In a time when so much of what we know is subject to revision or obsolescence, the comfortable expert must go back to being a restless learner.
I plucked that line from A More Beautiful Question, which was one of the best books I read in 2015. The book was centered around using questions as tools to solve problems, generate new ideas, and become better experimenters.
That last item – better experimenters – is a critical point. The author Warren Berger continued with some thoughts on a careers:
…we’ll be expected to quickly adapt to using new and unfamiliar tools, as we try to construct new businesses, new markets, new careers, new life plans – using ever-changing technology, without clear instructions, and with the clock ticking.
In the past, a career was a rigid thing written in ink and followed like a set map to a destination in the future. Now, it’s a fluid idea written in pencil with erase marks all over the page. Careers are no longer a fixed path to follow. They’re constantly evolving as Berger comments.
Automattic is a great example. Career paths at Automattic are almost non-existent, at least not in the formal sense. There isn’t a ladder to climb or formal promotions to eye every year. You don’t spend years trying to work your way up. Instead, it’s a bit like a “Choose Your Own Adventure” book. Everyone, of course, has duties and set expectations, but there’s also a large amount of flexibility.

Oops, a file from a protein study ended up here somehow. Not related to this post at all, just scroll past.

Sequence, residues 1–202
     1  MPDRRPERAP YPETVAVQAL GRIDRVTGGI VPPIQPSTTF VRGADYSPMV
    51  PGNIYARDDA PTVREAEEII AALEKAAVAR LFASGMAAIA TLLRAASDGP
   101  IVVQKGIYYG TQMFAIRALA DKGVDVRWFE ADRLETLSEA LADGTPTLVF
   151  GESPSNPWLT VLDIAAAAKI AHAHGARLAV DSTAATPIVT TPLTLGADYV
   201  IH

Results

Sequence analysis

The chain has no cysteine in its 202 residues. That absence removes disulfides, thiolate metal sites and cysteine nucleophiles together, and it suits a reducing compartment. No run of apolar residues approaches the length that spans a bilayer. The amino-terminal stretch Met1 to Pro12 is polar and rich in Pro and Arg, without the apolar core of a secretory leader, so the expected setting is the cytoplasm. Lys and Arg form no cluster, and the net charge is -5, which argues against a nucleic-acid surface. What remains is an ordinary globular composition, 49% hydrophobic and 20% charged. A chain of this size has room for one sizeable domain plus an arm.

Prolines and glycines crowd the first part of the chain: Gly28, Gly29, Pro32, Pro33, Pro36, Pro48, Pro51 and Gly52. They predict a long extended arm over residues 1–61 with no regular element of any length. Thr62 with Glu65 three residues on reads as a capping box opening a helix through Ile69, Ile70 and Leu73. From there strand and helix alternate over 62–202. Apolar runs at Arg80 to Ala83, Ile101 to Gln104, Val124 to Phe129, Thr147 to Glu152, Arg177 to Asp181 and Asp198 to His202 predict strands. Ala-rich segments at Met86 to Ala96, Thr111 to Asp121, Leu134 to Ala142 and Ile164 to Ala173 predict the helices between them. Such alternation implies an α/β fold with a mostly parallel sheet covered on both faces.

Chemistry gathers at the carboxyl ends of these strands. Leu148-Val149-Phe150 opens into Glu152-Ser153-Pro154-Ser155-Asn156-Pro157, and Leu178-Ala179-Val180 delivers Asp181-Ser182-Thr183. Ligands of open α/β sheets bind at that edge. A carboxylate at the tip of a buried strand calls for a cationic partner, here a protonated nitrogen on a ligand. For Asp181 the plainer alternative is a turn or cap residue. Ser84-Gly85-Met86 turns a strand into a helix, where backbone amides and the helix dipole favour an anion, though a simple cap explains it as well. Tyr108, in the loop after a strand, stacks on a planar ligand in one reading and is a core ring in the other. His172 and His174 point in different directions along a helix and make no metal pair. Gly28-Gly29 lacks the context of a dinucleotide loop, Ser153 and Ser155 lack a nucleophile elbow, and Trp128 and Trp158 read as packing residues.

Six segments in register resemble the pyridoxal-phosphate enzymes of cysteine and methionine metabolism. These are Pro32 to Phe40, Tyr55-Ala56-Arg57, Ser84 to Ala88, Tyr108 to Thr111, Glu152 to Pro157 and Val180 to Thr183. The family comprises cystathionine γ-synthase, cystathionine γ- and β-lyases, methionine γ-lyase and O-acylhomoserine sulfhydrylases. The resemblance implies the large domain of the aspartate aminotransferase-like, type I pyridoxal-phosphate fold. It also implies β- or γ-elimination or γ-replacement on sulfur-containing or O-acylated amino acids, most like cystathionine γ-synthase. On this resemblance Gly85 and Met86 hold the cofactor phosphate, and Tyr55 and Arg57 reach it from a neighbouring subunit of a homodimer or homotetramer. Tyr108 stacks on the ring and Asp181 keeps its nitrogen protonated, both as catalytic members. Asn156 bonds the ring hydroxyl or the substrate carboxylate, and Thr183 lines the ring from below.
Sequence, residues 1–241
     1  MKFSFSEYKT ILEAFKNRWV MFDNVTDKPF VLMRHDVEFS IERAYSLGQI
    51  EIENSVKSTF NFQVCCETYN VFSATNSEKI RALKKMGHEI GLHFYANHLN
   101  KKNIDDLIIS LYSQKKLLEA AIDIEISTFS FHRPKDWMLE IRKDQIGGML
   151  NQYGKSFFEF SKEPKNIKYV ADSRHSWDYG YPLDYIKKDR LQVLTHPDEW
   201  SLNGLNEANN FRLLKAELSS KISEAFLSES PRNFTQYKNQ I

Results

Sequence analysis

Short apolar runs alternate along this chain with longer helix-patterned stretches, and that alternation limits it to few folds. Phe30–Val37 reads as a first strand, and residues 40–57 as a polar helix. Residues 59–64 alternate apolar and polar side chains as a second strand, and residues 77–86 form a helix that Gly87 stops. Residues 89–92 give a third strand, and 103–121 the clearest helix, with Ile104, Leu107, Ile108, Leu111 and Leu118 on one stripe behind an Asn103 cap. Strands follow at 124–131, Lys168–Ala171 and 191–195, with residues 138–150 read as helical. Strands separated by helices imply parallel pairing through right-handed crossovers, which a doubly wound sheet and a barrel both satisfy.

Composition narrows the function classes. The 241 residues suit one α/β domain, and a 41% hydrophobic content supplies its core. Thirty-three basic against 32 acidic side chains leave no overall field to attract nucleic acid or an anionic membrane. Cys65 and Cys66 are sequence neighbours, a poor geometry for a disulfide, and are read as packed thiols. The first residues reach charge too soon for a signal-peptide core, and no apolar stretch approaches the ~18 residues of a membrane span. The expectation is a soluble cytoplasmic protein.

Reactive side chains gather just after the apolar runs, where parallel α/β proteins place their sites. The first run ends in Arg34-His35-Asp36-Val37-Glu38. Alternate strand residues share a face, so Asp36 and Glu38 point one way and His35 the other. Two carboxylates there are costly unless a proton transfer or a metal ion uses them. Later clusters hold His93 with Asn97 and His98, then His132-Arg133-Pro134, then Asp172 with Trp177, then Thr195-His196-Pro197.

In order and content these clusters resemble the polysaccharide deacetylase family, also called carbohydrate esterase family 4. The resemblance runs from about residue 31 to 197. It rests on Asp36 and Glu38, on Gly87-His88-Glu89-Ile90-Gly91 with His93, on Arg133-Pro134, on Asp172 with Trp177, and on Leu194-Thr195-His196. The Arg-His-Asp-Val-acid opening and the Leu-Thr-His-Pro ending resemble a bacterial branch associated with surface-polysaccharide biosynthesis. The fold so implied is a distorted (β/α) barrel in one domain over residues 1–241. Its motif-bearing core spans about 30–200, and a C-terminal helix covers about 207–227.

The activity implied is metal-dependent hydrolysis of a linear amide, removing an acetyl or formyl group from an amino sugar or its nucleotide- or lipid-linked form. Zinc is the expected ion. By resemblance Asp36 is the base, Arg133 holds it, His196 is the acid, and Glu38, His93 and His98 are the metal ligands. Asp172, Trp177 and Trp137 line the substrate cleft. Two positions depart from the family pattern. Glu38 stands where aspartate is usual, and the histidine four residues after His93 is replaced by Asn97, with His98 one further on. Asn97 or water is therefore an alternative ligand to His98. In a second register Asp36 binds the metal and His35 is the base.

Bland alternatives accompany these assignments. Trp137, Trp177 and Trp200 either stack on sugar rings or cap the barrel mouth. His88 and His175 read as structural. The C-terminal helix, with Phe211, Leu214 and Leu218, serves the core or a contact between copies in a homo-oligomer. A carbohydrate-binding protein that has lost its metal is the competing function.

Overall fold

While this freedom to experiment is liberating, it can also be a bit unnerving as my colleague Andrea illuminates:
But in other ways the lack of structure can feel chaotic and unnerving. Titles don’t matter? Leadership roles are not promotions? How, then, do we “advance”? The only model we have to go by is the traditional one: promote, get new title, climb the ladder to the top.
I recently passed my second year at Automattic, and I’ve been wrestling with this same notion in my mind since I hit year one. What do you do when the career path at your company contradicts the definition you’ve heard, seen, and imagined since you were a child?
In my case, you redefine what the term “career path” means. To me, it’s not about collecting titles or moving up any kind of organization chart. It’s about three areas.
Learn. I have a list of experiences I want to have and skills I want to grow.
Improve. The goal is to become so good at the skills mentioned above that “they can’t ignore you” (to steal from the title of Cal Newport’s latest book).
Impact. I want to feel like what I’m doing is making a positive dent in the world.
Of course, we’re looking beyond the basics of being paid fairly, treated with respect, etc. Once those basics are checked, I look at the three boxes listed above to determine if my “career” is headed in the right direction.
Am I still learning new things? Am I actively growing? Are the activities I participate in day-to-day moving me forward?
Am I receiving critical feedback on my work? Am I learning from those that are smarter than me? Have I maxed out my capacity to improve in this environment?
Am I working on something that is positively impacting the lives of others?
I’m fortunate to work at a company that ticks all of those boxes. There are dozens of learning opportunities on a daily basis. I’m put in positions where I’m forced to improve. The work I do manifests in the amazing stories our readers are sharing (like this one). Don’t just follow a set path. Take an active role, decide what is important to you, and build your own ladder.
Related: What is a career?